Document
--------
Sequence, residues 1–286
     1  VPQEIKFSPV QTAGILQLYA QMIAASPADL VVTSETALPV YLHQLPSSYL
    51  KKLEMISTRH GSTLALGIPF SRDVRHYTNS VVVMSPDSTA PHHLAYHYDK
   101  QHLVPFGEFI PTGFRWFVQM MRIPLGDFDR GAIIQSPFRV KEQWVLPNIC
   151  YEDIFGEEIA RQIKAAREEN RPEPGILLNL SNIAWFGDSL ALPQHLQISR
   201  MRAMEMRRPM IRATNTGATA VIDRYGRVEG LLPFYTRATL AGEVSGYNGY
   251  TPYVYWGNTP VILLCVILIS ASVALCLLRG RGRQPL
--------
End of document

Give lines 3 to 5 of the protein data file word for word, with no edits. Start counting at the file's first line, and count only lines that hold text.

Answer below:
    51  KKLEMISTRH GSTLALGIPF SRDVRHYTNS VVVMSPDSTA PHHLAYHYDK
   101  QHLVPFGEFI PTGFRWFVQM MRIPLGDFDR GAIIQSPFRV KEQWVLPNIC
   151  YEDIFGEEIA RQIKAAREEN RPEPGILLNL SNIAWFGDSL ALPQHLQISR